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Setup and configure file shares


Samba allows you, since version 4, to do most share configuration via windows. In particular, the permission management with real Windows ACLs and multiple entries is much easier when done on Windows. The following Howto will give you an overview of how to manage shares.

To use the advanced features of Samba, it has to be compiled with ACL support. Also you need a filesystem that supports the “user” and “system” xattr namespaces. It also needs to have ACL and XATTR support.

You can see Samba4 File System support to complete the requirements.

ACL support on member server

The following is only required on Domain Member Servers and not on Domain Controllers! Add the following to your [global] section of your smb.conf if you don't did this early:

 vfs objects = acl_xattr
 map acl inherit = Yes
 store dos attributes = Yes

This options are required on Member Servers, to enable the possibility for real windows ACLs. On Domain Controllers, ACL support is automatically enabled.


To configure share permissions, you need an account with “SeDiskOperatorPrivilege”. To see existing privileges can be reviewed by:

 # net rpc rights list accounts -U'YOURDOMAIN\administrator'

In case the 'administrator' account don't have this privilege, you can grant this privilege, e. g. to the “Domain Admin” group, run the following command on your server:

 # net rpc rights grant 'YOURDOMAIN\Domain Admins' SeDiskOperatorPrivilege -U'YOURDOMAIN\administrator'

Adding a new share

  • Create a folder that you want to share
 # mkdir -p /srv/samba/Demo/
  • Add a new share to your smb.conf:
     path = /srv/samba/Demo/
     read only = no
  • Reload Samba:
 # smbcontrol all reload-config

Setup share permissions

First you need to have access to your domain user administrator (or your currently domain user) in file system:

chown -R administrator:'domain users' /srv/samba/Demo


  • Log on to a Windows machine using an account, to which the “SeDiskOperatorPrivilege” was granted to or an account in a group with granted privilege.
  • Open the Start Menu and search for “Computer Management”.
  • In the menu bar go to “Action” → “Connect to another computer”.
  • Enter the name of your Samba server, you've create the new share on.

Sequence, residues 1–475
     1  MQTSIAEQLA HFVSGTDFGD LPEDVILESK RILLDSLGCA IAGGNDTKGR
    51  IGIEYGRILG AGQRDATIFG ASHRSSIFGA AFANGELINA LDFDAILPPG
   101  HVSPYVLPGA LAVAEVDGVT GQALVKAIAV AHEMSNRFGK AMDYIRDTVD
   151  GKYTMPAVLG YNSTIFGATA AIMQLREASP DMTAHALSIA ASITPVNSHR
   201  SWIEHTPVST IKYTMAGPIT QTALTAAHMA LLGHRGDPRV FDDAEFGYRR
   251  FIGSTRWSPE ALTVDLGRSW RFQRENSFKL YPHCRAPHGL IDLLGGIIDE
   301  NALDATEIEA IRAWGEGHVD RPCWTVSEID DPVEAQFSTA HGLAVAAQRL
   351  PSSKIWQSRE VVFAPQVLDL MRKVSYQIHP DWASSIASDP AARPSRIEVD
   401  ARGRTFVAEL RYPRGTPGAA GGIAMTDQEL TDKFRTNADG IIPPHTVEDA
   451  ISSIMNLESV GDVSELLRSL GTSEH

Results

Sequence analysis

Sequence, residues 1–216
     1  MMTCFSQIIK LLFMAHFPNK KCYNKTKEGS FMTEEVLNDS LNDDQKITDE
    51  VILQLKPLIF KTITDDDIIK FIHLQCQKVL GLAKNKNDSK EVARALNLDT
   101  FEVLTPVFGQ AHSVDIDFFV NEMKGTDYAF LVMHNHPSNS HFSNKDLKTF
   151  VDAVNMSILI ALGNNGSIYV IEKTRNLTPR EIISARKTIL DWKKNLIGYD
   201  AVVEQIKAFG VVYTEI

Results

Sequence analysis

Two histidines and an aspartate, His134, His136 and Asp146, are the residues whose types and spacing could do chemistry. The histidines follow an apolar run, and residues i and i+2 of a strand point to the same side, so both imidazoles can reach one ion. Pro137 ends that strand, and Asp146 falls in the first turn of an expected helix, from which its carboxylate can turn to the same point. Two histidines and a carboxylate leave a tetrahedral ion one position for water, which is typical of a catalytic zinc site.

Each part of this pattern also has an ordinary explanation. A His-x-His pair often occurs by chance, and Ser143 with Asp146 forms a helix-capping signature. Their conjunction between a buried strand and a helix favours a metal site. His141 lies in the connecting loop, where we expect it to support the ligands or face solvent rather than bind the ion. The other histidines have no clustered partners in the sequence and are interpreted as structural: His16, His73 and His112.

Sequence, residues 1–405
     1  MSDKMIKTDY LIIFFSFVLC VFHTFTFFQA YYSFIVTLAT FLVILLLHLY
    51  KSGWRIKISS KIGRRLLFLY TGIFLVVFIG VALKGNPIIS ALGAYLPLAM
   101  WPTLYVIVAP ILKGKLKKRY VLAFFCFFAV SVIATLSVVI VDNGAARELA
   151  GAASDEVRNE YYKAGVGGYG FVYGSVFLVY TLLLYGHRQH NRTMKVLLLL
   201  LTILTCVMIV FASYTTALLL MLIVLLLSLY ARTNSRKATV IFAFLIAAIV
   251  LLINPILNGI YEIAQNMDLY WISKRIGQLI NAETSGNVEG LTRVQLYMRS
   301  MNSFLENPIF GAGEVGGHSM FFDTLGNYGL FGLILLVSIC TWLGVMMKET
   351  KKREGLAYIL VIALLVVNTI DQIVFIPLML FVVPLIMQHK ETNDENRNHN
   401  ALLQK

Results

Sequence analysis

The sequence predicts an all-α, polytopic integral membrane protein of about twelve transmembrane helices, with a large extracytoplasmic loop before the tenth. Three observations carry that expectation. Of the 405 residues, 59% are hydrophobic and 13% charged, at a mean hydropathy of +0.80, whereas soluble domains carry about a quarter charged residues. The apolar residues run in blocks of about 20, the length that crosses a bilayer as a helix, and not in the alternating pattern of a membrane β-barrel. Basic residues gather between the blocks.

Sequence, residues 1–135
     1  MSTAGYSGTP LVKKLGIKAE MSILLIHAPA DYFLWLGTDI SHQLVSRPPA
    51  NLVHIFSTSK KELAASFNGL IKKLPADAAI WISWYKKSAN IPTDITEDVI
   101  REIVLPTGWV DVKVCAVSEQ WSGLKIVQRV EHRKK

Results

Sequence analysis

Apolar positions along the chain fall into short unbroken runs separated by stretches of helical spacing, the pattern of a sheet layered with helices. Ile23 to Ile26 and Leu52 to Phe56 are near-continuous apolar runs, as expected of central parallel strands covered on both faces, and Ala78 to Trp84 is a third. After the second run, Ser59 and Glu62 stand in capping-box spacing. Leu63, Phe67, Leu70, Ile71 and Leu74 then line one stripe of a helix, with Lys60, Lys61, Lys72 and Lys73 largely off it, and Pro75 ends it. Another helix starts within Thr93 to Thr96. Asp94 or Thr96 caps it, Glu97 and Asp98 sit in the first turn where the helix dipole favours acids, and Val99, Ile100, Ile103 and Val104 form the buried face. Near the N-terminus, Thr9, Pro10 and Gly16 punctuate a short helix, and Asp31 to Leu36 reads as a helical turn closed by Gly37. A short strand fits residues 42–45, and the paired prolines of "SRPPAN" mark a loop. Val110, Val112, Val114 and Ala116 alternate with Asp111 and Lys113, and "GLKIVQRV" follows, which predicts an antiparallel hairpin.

• Navigate to “System Tools” → “Shared Folders” → “Shares” and select the new added share.

  • Right-click to the share name, choose “Properties”.
  • Go to the “Share Permissions” tab. Here you can configure who can access the share and the appropriate permissions.

  • Go to the “Security” tab, click the „Edit“ button and configure the file system permissions.

  • Save the changes by closing the windows with “OK”.

Change permissions on folders of a share

  • Log on to a Windows machine as Domain Administrator.
  • Navigate to the folder of which you want to change the permissions.
  • Right-click to the folder and choose “Properties”.
  • Go to the “Security” tab and click the “Edit” button.
  • Change the permissions to your needs.

  • Save the changes by closing the windows with “OK”.

Managing extended ACLs in Linux

To see extended ACLs:

# cd /srv && getfacl samba/Demo
# file: samba/Demo/
# owner: cbustillo
# group: domain\040users

To set extended ACLs for others users:

# setfacl -R -m default:other::r-x ServicePacks/ 

To remove all extended ACLs:

# setfacl -b /srv/samba/Demo
# setfacl -b /srv/samba/Demo/*

More info about extended ACLs in:

# man setfacl
# man getfacl


In certain situations, share configuration parameters which were commonly used with NT-style domains such as “force group” or “force user” may lead to “Access Denied” errors when trying to set permissions on a new share, or other complications, such as losing the ability to even see the Security tab. You may find even after correcting the issues that the problems may persist even after removing and re-adding the share properly. In such cases, it may be helpful to manually wipe out all ACLs on the share and recursively re-grant full control to the Domain Admins group with the setfacl command as follows (may need to run as root):

# setfacl -b /path/to/share
# setfacl -b /path/to/share/*
# setfacl -R -m default:group:domain\ admins:rwx /path/to/share

The following HowTos treat topics, related on setting up file shares with special permissions or purposes:

setup_config_file_shares.txt · Last modified: 2015/06/29 12:10 (external edit)